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The Cinema Museum in Kennington

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  • The Cinema Museum in Kennington

    Not sure if this is the best place to post this particular alert - nor, for that matter, whether such appeals are permitted on BritMovie - so apologies in advance for any transgressions....

    But the precious resource of The Cinema Museum in South London is under threat, since the lease expires early next year. The building - once the poorhouse for the district and workplace of the mother of a certain Charles Chaplin - may well be sold off to the highest bidder and another gem, staffed and run with love and loyalty by dedicated volunteers, will be lost forever.

    If anyone reading this has ever visited this magical place they will testify to its wonderful collection of all things related to British film; from ancient projectors and movie stills to books, prints, props and cinema posters dating back to a bygone age. It's a real treasure trove for anyone like us who values British cinema. A petition has been launched and a number of well known faces from the world of British film and theatre are lending their support... it really would be such a shame to see it close.

    http://www.cinemamuseum.org.uk/2017/...cinema-museum/

  • #2
    I hope everyone will sign and support this petition, as this invaluable resource for preserving, showing and education on early movies must not be lost.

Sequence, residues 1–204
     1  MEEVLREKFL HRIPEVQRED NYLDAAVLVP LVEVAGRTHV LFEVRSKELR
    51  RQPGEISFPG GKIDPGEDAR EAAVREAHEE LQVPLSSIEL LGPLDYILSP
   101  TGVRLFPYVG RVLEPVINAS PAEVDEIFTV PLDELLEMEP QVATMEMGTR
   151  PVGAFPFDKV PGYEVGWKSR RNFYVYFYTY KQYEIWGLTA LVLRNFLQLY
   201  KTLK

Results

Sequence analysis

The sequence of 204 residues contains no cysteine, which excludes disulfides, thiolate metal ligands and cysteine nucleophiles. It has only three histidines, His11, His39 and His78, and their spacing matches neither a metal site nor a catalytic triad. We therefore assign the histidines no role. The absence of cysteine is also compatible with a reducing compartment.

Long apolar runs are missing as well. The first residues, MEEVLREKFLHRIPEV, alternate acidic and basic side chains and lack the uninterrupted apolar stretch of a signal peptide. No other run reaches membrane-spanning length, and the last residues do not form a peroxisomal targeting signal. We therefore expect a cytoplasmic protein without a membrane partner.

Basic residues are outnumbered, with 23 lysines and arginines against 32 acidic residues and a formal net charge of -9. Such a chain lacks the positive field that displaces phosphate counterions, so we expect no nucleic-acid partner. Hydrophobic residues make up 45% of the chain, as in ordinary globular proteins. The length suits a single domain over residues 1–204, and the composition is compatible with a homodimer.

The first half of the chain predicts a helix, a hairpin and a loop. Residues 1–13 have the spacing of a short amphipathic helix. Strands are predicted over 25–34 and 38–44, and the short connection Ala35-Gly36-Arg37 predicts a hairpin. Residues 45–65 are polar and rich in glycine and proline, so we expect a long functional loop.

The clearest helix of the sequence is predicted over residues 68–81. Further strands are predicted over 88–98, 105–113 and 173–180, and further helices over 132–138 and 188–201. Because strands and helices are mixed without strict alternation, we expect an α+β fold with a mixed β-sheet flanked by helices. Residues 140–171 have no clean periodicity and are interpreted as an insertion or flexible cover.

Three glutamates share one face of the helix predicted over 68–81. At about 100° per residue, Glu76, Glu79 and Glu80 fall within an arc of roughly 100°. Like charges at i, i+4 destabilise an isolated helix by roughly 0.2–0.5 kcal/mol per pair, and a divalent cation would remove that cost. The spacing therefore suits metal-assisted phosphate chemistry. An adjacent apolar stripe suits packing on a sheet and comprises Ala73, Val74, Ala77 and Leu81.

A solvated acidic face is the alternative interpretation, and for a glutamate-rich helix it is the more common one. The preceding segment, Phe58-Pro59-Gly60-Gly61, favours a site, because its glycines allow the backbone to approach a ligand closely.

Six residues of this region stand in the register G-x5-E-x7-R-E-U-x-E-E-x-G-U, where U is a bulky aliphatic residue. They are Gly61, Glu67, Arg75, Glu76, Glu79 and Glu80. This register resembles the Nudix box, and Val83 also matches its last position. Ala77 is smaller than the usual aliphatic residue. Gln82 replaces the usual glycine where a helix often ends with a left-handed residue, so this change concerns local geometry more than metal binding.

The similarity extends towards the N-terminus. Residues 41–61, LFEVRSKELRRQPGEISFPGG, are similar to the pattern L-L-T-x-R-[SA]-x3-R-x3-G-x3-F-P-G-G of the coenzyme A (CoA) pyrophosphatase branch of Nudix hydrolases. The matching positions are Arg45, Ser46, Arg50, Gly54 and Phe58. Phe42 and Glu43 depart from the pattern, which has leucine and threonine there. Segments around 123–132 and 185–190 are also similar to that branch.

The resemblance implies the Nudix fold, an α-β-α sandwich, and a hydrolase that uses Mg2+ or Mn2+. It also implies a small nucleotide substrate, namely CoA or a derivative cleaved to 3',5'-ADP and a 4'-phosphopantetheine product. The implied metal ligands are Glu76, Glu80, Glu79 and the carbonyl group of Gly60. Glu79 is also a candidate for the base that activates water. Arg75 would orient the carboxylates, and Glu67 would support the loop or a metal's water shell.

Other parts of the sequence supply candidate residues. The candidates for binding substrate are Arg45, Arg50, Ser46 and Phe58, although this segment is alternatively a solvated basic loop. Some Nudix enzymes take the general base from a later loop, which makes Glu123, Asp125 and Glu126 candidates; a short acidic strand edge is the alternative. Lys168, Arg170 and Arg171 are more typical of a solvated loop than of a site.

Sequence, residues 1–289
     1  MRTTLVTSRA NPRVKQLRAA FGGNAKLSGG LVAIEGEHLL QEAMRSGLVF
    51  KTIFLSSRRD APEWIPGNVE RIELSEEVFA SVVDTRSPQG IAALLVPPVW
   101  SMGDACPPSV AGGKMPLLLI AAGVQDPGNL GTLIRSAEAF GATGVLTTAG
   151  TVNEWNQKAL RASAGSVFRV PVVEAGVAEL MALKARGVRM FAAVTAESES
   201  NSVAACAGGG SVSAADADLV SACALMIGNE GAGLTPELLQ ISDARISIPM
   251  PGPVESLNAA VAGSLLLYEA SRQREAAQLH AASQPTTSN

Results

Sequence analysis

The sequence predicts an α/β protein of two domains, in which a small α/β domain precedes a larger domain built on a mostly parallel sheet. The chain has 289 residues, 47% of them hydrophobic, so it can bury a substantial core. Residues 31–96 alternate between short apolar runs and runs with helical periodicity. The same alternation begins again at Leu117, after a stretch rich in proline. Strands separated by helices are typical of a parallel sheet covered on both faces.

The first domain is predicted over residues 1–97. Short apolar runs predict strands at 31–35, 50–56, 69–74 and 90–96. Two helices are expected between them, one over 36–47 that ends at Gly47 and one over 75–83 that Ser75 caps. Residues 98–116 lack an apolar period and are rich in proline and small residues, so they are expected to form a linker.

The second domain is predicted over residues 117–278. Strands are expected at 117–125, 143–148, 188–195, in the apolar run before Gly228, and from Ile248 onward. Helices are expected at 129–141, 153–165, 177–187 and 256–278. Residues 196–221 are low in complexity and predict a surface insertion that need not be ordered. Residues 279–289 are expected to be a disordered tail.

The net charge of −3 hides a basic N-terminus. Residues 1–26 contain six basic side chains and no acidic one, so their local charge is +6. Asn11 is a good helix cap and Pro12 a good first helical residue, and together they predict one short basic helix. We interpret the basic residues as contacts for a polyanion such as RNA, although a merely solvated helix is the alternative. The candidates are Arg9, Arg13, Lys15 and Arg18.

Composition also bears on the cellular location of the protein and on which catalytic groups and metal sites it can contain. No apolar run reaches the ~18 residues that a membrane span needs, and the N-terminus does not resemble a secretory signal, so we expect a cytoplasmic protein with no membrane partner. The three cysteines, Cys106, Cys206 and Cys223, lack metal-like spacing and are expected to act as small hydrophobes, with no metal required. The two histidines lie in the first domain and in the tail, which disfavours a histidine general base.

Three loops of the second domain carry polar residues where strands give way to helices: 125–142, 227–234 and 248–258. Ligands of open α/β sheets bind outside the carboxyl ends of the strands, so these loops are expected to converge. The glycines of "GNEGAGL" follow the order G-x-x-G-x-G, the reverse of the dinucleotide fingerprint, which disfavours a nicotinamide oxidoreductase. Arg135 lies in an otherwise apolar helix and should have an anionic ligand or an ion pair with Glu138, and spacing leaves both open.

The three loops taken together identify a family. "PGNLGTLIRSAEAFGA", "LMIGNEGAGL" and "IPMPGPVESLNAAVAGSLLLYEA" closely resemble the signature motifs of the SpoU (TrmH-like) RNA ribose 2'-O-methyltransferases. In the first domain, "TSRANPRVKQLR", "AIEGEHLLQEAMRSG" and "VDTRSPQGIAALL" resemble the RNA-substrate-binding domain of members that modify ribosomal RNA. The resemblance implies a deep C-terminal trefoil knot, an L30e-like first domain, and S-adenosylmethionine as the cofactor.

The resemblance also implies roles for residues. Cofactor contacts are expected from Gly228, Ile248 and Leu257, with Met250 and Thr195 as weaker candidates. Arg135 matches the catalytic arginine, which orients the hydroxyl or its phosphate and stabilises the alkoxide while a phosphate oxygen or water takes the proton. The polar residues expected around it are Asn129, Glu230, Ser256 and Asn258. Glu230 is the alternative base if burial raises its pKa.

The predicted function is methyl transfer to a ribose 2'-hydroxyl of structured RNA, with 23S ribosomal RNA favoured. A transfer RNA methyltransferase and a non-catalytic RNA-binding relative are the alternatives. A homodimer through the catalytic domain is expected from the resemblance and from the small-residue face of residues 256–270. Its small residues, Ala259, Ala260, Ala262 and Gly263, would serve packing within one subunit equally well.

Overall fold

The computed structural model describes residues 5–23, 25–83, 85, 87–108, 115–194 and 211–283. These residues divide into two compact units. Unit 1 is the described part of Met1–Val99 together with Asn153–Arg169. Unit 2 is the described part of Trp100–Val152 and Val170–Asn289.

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    • #3
      This London cinema museum - scheduled for closure before the end of the year - is on the site of the workhouse where Chaplin lived as a child. Please consider signing.

      https://www.change.org/p/love-cinema...7259882&jb=534

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      • #4
        Been there many times, most recently for the launch of the new book about The Professionals last Sunday, which saw many actors from the show in attendance. I do hope it survives as it’s a great venue.

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        • #5
          Perhaps the place could be moved to somewhere out of London with a cheaper lease. Other places do exist.

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          • #6
            I visited the museum a couple of years ago while in London for a day. I was given a guided tour all to myself and it was wonderful. I hope another "home" can be found for it - it is such a hidden gem.
            I'll definitely sign the petition.

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            • #7
              Like I said why can’t it move somewhere out of London where costs are cheaper. It might be able to stay open then. But maybe it would rather close than do that!

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              • #8
                Originally posted by googiefan View Post
                Like I said why can’t it move somewhere out of London where costs are cheaper. It might be able to stay open then. But maybe it would rather close than do that!
                Perhaps because it's the very building Chaplin lived in.
                The petition is now nearing 18,000 signatures and there's some dealing afoot.